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AB-186 Controlled substances: overdose prevention program.(2017-2018)

Bill Status
Eggman (A)
Wiener (S)
Friedman (A) , Lara (S)
Controlled substances: overdose prevention program.
An act to add and repeal Section 11376.6 of the Health and Safety Code, relating to controlled substances.

Type of Measure
Inactive Bill - Vetoed
Majority Vote Required
Non-Fiscal Committee
Non-State-Mandated Local Program
Non-Tax levy
Last 5 History Actions
Date Action
09/30/18 Vetoed by Governor.
09/04/18 Enrolled and presented to the Governor at 3 p.m.
08/27/18 Senate amendments concurred in. To Engrossing and Enrolling. (Ayes 42. Noes 30. Page 6668.).
08/22/18 In Assembly. Concurrence in Senate amendments pending. May be considered on or after August 24 pursuant to Assembly Rule 77.
08/21/18 Read third time. Passed. Ordered to the Assembly. (Ayes 21. Noes 16. Page 5544.).
Governor's Veto Message
To the Members of the California State Assembly:

I am returning Assembly Bill 186 without my signature.

This bill authorizes the City and County of San Francisco to approve "overdose prevention programs," including the establishment of centers where illegal drugs can be injected under sanitary conditions.

The supporters of this bill believe these "injection centers" will have positive impacts, including the reduction of deaths, disease and infections resulting from drug use. Other authorities-including law enforcement, drug court judges and some who provide rehabilitative treatment-strongly disagree that the "harm reduction" approach envisioned by AB 186 is beneficial.

After great reflection, I conclude that the disadvantages of this bill far outweigh the possible benefits.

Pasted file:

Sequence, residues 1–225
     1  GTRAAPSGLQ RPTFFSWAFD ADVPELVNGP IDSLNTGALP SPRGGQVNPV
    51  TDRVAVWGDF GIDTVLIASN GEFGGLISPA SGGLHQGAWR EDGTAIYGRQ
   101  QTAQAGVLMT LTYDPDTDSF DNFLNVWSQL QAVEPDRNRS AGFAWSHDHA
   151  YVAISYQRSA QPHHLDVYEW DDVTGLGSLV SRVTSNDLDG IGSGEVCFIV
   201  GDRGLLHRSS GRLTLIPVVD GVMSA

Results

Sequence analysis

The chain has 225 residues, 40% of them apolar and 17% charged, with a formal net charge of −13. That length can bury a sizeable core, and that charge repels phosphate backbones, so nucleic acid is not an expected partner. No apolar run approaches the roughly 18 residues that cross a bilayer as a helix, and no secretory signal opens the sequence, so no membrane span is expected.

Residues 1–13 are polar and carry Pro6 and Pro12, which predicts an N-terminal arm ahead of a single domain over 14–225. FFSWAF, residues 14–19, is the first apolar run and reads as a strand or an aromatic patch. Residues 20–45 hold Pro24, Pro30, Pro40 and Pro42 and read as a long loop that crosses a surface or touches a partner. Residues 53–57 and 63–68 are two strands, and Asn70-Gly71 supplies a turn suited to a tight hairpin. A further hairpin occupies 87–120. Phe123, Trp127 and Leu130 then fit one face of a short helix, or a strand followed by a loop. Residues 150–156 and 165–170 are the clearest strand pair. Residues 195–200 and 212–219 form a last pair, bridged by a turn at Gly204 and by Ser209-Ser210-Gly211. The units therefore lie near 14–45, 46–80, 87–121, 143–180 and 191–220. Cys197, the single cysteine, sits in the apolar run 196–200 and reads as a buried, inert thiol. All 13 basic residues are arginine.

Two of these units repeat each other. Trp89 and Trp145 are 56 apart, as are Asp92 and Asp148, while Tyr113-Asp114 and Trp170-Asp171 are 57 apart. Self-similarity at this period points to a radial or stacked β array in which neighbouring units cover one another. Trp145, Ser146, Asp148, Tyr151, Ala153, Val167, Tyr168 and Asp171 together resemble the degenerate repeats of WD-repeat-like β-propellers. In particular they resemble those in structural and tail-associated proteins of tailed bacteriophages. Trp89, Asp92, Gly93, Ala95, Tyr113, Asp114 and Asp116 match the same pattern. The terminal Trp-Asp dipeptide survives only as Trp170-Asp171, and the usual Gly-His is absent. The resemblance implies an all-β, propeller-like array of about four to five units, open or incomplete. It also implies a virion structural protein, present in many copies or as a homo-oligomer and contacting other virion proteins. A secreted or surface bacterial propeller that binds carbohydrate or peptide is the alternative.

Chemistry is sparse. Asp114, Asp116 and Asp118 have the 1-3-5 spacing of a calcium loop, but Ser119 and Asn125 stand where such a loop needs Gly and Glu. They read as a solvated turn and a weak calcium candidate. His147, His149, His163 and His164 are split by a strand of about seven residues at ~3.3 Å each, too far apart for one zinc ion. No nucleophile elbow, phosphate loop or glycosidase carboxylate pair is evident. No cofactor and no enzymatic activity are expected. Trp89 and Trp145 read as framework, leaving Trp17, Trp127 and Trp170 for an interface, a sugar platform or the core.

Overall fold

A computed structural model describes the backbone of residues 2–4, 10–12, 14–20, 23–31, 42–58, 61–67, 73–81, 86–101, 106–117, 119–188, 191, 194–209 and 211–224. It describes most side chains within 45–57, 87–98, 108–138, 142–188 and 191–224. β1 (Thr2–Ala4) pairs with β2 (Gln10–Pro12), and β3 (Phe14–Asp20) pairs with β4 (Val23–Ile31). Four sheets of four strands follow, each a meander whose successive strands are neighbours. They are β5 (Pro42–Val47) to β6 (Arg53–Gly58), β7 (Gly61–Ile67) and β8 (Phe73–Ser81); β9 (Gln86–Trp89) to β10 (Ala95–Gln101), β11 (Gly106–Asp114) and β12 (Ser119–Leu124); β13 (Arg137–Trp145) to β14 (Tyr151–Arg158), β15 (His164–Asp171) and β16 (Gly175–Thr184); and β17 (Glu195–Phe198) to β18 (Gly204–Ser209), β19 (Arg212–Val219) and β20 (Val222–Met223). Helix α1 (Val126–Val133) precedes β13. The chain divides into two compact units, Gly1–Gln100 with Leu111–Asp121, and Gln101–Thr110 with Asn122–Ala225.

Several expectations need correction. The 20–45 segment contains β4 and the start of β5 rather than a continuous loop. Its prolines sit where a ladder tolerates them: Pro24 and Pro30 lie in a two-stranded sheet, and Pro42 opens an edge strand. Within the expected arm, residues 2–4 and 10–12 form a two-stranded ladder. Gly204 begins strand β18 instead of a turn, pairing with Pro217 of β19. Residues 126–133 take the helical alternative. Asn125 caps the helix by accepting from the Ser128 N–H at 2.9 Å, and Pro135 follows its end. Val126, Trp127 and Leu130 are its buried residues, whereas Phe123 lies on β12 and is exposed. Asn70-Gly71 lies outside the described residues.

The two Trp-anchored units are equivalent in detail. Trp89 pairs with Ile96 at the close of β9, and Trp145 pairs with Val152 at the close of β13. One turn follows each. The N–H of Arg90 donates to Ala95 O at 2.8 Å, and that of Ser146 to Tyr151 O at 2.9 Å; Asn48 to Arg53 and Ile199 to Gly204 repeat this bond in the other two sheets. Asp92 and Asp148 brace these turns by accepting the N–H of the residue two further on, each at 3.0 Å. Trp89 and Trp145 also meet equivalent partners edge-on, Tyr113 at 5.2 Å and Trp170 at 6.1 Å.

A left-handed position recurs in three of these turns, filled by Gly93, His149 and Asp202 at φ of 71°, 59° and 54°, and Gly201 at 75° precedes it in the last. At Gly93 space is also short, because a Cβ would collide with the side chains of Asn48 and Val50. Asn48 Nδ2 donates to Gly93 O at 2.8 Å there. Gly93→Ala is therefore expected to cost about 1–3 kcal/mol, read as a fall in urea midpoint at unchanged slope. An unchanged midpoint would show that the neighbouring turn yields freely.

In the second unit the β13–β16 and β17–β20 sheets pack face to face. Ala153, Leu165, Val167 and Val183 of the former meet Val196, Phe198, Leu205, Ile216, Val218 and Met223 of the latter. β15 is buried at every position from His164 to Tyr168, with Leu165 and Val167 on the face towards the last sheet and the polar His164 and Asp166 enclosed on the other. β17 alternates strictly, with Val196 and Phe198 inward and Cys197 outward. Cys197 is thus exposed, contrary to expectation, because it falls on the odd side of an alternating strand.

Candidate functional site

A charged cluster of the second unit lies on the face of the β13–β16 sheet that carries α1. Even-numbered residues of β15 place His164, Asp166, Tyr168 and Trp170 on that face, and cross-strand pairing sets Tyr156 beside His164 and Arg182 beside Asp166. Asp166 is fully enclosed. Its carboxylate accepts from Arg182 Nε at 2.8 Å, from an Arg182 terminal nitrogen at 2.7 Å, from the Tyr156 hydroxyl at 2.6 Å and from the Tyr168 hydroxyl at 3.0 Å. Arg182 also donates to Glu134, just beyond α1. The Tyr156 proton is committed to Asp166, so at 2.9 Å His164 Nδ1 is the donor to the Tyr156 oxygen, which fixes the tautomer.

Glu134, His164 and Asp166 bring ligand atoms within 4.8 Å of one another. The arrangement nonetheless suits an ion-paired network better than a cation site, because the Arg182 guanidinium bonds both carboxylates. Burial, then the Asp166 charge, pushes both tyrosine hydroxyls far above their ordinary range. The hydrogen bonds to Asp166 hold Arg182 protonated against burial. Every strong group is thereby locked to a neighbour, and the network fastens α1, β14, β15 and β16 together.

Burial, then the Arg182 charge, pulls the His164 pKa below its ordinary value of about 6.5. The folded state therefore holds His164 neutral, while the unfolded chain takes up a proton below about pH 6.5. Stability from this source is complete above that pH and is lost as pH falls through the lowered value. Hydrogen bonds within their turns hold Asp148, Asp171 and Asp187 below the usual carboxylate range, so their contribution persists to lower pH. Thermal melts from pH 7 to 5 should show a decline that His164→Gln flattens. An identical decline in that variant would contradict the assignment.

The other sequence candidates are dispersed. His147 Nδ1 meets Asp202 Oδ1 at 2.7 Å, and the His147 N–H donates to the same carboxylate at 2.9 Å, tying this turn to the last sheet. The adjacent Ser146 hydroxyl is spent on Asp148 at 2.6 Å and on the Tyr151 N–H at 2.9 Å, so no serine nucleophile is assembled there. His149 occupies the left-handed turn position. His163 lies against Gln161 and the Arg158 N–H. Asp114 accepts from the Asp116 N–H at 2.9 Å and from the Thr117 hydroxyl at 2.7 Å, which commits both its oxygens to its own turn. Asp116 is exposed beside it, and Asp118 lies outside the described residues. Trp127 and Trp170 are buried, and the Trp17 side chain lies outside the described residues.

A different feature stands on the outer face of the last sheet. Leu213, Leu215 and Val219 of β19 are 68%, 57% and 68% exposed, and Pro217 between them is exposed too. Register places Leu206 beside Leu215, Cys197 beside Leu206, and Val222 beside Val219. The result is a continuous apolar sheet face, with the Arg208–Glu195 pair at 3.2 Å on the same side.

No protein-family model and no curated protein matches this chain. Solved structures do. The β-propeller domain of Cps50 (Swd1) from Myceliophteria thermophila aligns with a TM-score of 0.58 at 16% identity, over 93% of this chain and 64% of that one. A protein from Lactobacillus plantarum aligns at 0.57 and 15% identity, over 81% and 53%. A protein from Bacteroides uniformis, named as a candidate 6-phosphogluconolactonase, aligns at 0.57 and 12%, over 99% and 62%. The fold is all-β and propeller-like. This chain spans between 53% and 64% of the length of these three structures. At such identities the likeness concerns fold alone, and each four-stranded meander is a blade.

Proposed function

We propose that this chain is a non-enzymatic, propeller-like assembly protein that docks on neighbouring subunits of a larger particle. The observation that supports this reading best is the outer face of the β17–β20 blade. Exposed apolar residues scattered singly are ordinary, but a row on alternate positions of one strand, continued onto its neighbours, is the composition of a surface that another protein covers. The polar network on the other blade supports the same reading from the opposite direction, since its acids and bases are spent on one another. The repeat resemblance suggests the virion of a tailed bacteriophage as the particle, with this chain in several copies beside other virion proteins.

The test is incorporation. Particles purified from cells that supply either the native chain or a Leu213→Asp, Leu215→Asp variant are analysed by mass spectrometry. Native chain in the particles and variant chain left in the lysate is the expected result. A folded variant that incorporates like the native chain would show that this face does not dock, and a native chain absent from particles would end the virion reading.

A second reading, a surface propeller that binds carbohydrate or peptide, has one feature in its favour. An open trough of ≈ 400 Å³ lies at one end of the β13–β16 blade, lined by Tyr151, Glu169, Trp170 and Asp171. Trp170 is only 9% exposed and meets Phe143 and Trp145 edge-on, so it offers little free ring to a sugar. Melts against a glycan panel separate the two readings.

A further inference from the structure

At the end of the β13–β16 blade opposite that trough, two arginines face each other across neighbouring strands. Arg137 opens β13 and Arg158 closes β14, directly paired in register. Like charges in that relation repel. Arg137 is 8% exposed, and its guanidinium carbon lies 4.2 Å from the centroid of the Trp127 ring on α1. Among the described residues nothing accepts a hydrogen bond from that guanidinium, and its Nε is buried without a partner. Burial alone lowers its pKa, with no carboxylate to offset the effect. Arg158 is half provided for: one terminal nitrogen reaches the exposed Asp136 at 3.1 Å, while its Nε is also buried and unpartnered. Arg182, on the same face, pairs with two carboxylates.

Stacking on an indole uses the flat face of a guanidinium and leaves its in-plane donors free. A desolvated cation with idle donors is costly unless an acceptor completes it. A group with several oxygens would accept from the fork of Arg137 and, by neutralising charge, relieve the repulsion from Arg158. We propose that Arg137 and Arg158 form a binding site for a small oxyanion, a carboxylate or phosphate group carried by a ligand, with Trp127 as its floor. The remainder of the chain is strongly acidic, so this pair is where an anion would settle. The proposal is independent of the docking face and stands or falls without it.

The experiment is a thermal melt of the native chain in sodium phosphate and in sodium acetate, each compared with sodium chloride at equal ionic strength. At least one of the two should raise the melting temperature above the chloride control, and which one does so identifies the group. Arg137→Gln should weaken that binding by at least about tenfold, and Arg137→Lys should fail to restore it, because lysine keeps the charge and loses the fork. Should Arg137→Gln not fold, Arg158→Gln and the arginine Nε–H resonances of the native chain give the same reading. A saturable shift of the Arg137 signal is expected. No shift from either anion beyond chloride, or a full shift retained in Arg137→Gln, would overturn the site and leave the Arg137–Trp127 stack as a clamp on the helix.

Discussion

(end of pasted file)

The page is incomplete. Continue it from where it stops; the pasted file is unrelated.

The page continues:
Fundamentally, I do not believe that enabling illegal drug use in government sponsored injection centers-with no corresponding requirement that the user undergo treatment-will reduce drug addiction.

In addition, although this bill creates immunity under state law, it can't create such immunity under federal law. In fact, the United States Attorney General has already threatened prosecution and it would be irresponsible to expose local officials and health care professionals to potential federal criminal charges.

Our paramount goal must be to reduce the use of illegal drugs and opioids that daily enslaves human beings and wreaks havoc in our communities. California has never had enough drug treatment programs and does not have enough now. Residential, outpatient and case management-all are needed, voluntarily undertaken or coercively imposed by our courts. Both incentives and sanctions are needed. One without the other is futile.

There is no silver bullet, quick fix or piecemeal approach that will work. A comprehensive effort at the state and local level is required. Fortunately, under the Affordable Care Act, California now has federal money to support a much expanded system of care for the addicted. That's the route we should follow: involving many parties and many elements in a thoroughly integrated undertaking.

I repeat, enabling illegal and destructive drug use will never work. The community must have the authority and the laws to require compassionate but effective and mandatory treatment. AB 186 is all carrot and no stick.


Edmund G. Brown Jr.